Marquette’s first sustainability coordinator will begin this summer. Strigens says, “It’s a broadly defined role, but this person will harness our sustainability efforts on campus and bring them together while looking at physical improvements we can make relative to water efficiency and energy efficiency, and things we can do to reduce waste on campus.”
Marquette’s sustainability coordinator will be involved in utility and energy consumption audits so the University can make targeted physical improvements and set standards on campus. The coordinator will also have an outreach role, working with administrators, students, faculty and staff on incorporating sustainability into coursework and other student works.
In fall 2016, Marquette will have a new Environmental Studies interdisciplinary major, providing students with a comprehensive and in-depth education on the study of the ecology of natural ecosystems and the processes by which humans influence, exploit, evaluate, value, mitigate and restore the environment.
There are other ways that non-science students can also learn about the environment. Dr. Jame Schaefer, associate professor of theology, helped develop Healing Earth, the new online, interactive text that addresses six major environmental science problems from spiritual and ethical perspectives.
Dr. James T. Anderson, associate professor of biological sciences, will use the text to teach a course to non-science majors this fall. Schaefer says, “His students will have an opportunity to explore the loss of biodiversity, natural resource exhaustion, a transition to sustainable energy, the quality and availability of food and water, and global climate change and view these problems from spiritual and ethical perspectives. This interdisciplinary approach coheres impressively with Pope Francis’s encyclical.”
An area known as Milwaukee’s Near West Side includes Marquette, which is one of five anchor institutions that formed Near West Side Partners Inc., a non-profit organization to revitalize the area. A $5 million campaign (that has already raised $2 million) was announced this month to create new opportunities for investment in economic development efforts.
“Milwaukee’s Near West Side has tremendous assets that rival any other part of the city – including more than 200 employers, nearly 40,000 residents, major health care, educational and non-profit institutions, attractive restaurants and entertainment venues,” says Lovell.
Campus Master Plan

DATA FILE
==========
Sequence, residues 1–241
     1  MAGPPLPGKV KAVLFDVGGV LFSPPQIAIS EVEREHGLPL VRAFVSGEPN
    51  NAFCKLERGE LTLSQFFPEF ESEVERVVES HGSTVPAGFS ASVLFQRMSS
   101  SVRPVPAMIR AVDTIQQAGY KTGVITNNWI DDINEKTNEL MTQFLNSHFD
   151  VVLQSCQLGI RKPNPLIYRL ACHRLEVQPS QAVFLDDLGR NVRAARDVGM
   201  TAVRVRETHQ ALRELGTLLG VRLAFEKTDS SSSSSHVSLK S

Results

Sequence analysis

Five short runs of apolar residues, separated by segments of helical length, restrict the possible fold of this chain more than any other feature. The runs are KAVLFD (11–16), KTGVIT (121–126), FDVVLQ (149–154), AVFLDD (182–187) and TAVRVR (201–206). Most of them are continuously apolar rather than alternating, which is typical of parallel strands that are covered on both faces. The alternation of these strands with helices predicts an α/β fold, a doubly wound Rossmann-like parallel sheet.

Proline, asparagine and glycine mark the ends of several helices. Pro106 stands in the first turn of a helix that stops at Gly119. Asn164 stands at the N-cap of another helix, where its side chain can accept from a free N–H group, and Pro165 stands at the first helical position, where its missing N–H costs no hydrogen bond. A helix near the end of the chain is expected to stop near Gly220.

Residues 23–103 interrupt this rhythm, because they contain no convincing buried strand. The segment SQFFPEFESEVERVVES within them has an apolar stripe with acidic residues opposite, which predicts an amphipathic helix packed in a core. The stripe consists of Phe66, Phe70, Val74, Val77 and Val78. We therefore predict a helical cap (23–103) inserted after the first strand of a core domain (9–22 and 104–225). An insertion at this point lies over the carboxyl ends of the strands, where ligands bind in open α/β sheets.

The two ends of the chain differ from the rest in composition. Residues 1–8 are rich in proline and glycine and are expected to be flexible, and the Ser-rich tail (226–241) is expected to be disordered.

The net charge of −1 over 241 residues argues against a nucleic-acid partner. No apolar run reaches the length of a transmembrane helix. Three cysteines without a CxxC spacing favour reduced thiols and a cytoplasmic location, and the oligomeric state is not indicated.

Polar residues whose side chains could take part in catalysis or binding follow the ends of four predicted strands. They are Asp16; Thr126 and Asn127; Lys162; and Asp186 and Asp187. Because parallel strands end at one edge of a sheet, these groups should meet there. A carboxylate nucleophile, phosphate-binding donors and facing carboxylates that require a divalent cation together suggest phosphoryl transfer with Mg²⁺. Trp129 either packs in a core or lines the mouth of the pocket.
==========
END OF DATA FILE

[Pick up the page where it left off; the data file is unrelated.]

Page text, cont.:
Marquette is in the midst of developing a plan to integrate academic, physical and financial priorities, and serve as a road map for Marquette’s capital projects for the next decade. Every building and all spaces on campus are being studied.
The university is conducting a facilities condition index to evaluate and track the efficiency, operations and effectiveness of all buildings.
“We are identifying those buildings that will never be improved to the level we want them to be through continued investment versus creating new buildings that are highly efficient in their use of space, energy and water use,” Strigens says. “Sustainability is woven into all parts of the plan. It will provide us guidance relative to sustainable practices throughout our campus both for our facilities and our physical environment.”
The planners are identifying areas to possibly build demonstration gardens for storm water management, and ways to visibly show sustainability on campus through green and open spaces.
In addition, renovated buildings like the historic Sensenbrenner Hall and Marquette Hall have both recently received LEED certification, a nationally-accepted organization for design, operation and construction of high performance green buildings.
Earlier this month, the University brought Bublr Bikes, a bike sharing company, to campus, and has increased the number of shared cars for staff. In addition, Marquette’s recent Mission Week focused on environmental efforts in light of Laudato Si’.
By Clint J. Springer, Ph.D., Associate Professor of Biology, Saint Joseph’s University
On June 18, 2015, with the official release of his papacy’s first encyclical, Laudato Si’, His Holiness Pope Francis solidified the Catholic Church’s social teaching on the environment and clarified the way that humans should interact with the Earth, their only home.